I met a psychiatrist while I was working in New Orleans who works in Chicago’s inner city with troubled youth.  We spoke about “R”.  He told me the significance of scars due self-inflicted cuts:  it is a major indicator of the victims of childhood sexual abuse.  He told me that more than 90% of youth who suffer from “self harm or self-injury” are victims of childhood sexual assault and abuse.  The illness is listed in the Diagnostic and Statistical Manual of Mental Disorders as a symptom of borderline personality disorder and depressive disorders and described as,  “sometimes associated with mental illness, a history of trauma and abuse including emotional abuse and sexual abuse …”.  A study in 2003 found an extremely high prevalance of self-injury among 428 homeless and runaway youth (age 16 to 19) with 72% of males and 66% of females reporting a past history of self-mutilation.  [Tyler, Kimberly A., Les B. Whitbeck, Dan R. Hoyt, and Kurt D. Johnson (2003),  “Self Mutilation and Homeless Youth: The Role of Family Abuse, Street Experiences, and Mental Disorders”,  Journal of Research on Adolescence 13 (4): 457–474] .

In my recent post, What do you think is the root cause of homelessness? Part 4,  I wrote:  “A  study by Heather Larkin of the University of Albany – shows the link between Adverse Childhood Experiences – ACE – and homelessness.  From her study –

More than 85 percent of the homeless respondents reported having experienced at least one of 10 categories of adverse childhood experiences (ACE).  Many (52.4 percent) had experienced more than four categories of traumatic events when growing up. … There is a high ACE prevalence among the homeless people in this study.  Individuals with high ACE scores may be more vulnerable to economic downturns and cultural oppression,  a person-environment interaction increasing the likelihood of homelessness.  Service responses focused on identifying and addressing childhood traumas hold an opportunity for addressing ACEs before they contribute to homelessness.

I include this technical background because although “R” is now a young woman,  she has been on the street since she was a child in more than one Canadian city.  Many more people than our organization have become familiar with her.  This would have included coming to the “official” attention of the authorities both while she was a child and as an adult.  “R” is definitely “in” the system that is supposed to help her.  Why has everyone been so ineffective in helping her,  how has she remained homeless for so long?  As a teen, “R” was labeled by society as a “runaway” with all of the negative connotations that carries.  In effect, most people would write her off as the author of her own condition.  Far from it.  “R” is a victim.  She deserves better.  Hell,  dogs deserve better than “R” has been handed.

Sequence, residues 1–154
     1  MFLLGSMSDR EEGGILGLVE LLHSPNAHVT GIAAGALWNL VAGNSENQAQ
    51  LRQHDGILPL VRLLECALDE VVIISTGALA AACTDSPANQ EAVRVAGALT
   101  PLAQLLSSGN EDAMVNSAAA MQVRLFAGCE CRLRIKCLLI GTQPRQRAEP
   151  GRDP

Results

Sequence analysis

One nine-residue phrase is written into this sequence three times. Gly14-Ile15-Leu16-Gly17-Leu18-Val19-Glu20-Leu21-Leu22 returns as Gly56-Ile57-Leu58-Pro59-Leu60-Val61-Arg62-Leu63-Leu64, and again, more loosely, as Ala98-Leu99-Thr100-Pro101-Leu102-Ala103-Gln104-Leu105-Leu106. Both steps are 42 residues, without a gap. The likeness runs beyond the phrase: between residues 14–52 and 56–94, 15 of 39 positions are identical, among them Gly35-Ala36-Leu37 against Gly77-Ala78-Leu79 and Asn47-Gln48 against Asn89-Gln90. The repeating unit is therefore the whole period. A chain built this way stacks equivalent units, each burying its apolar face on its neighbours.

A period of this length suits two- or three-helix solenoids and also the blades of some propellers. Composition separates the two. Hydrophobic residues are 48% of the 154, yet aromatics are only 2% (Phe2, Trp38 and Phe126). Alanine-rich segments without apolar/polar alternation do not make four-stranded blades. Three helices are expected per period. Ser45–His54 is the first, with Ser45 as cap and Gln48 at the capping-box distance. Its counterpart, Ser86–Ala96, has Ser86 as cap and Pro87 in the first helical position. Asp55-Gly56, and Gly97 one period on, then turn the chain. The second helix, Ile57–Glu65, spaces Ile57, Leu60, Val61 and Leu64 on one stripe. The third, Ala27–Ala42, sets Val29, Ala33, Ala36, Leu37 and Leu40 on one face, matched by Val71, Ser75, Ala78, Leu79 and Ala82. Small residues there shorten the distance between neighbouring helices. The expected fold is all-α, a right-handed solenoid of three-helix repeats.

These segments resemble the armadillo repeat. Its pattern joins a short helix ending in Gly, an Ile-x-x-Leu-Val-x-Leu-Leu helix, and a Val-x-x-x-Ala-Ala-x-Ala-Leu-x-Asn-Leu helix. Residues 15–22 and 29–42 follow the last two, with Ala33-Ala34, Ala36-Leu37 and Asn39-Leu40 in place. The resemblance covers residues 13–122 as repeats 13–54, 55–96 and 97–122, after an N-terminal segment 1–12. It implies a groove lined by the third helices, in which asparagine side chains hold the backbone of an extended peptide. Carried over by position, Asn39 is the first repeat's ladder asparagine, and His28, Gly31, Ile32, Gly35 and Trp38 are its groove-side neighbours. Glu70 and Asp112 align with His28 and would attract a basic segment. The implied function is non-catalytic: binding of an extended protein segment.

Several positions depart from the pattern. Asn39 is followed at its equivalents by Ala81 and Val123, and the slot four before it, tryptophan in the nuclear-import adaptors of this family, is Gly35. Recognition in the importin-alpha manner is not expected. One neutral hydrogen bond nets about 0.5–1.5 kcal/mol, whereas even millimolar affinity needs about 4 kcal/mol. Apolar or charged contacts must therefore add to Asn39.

I met her once on a street corner in Toronto,  Spadina and Queen,  where she was panhandling.  She was in particularily bad shape that day,  very high from her drug of choice at the time,  which was making her slur her words almost to the point of incoherence and made her body twitch uncontrollably like a scarecrow on strings.  When I arrived,  she dragged herself up from the foot of the light pole she was leaning against and,  arms wide,  asked for the only thing she has ever requested of me – a hug.  Not the little, hihowareyou hugs we deliver in polite company, but a great big, bone crushing, head burying HUG.!  It always cheers her up.  Standing to one side were two semi-official looking people with those City of Toronto ID cards hanging around their necks.  One had flashes from a private security company on his shoulders.  He was “protection” for the other – a city worker carrying a clipboard.  They were part of a new task force set-up by the city of Toronto’s Streets 2 Homes program to reduce panhandling and homelessness.  They were trying to interview “R” by asking her a very long list of canned questions.  They seemed oblivious to her state,  as if she could be coherent while jonesin for the next fix.  After our hug,  she turned to them and said,  “I can’t talk to you now, Andy’s here.  He saved my life”.  After we talked for a while and I encouraged her to head for a woman’s shelter down the street,  I left and went into a store at the corner to buy her bottled water.  Her lips were cracked and bleeding she was so dehydrated.  As I brought it back to her,  the city social worker was back at it again, making little check marks on her clipboard survey.  How those little pen strokes were supposed to bring healing to “R”,  I’ll never know.  She certainly deserves better.  I still hear her saying, “he saved my life”,  in the small hours of the night when I can’t sleep,  thinking of the hopelessness faced by my homeless friends.  I hear it and know in my heart – I haven’t saved “R”.  She’s still lost and that hurts.  She recognizes and loves the people who love her back,  but why can’t we save her?

This not "R" - but my friend Crystal too faced homelessness and overcame.
This is not “R” – but my friend Crystal also faced homelessness and overcame it.